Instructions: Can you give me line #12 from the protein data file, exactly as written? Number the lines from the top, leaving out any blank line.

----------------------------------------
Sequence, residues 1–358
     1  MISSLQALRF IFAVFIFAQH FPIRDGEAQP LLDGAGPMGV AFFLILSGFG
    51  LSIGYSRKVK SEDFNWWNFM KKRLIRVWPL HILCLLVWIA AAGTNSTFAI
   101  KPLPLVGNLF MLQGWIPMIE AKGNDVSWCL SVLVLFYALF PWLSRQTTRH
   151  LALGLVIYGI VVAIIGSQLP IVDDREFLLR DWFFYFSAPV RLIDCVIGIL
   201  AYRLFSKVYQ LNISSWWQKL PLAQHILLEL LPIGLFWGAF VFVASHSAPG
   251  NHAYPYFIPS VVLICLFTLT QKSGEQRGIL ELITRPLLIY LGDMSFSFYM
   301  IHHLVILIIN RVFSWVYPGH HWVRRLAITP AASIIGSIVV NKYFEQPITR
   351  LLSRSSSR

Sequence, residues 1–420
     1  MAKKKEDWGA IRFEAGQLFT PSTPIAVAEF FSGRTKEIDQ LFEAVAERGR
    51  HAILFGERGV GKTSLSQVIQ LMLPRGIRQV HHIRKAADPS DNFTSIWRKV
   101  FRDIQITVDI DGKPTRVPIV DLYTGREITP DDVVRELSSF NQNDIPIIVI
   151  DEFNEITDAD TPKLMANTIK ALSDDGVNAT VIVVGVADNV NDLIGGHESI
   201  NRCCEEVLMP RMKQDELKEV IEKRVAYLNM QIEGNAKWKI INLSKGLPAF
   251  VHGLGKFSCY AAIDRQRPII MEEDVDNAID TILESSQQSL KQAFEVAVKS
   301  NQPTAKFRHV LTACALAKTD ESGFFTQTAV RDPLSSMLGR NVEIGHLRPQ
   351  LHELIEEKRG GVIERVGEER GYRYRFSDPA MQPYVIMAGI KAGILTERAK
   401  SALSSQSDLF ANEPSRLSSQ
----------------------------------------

    51  HAILFGERGV GKTSLSQVIQ LMLPRGIRQV HHIRKAADPS DNFTSIWRKV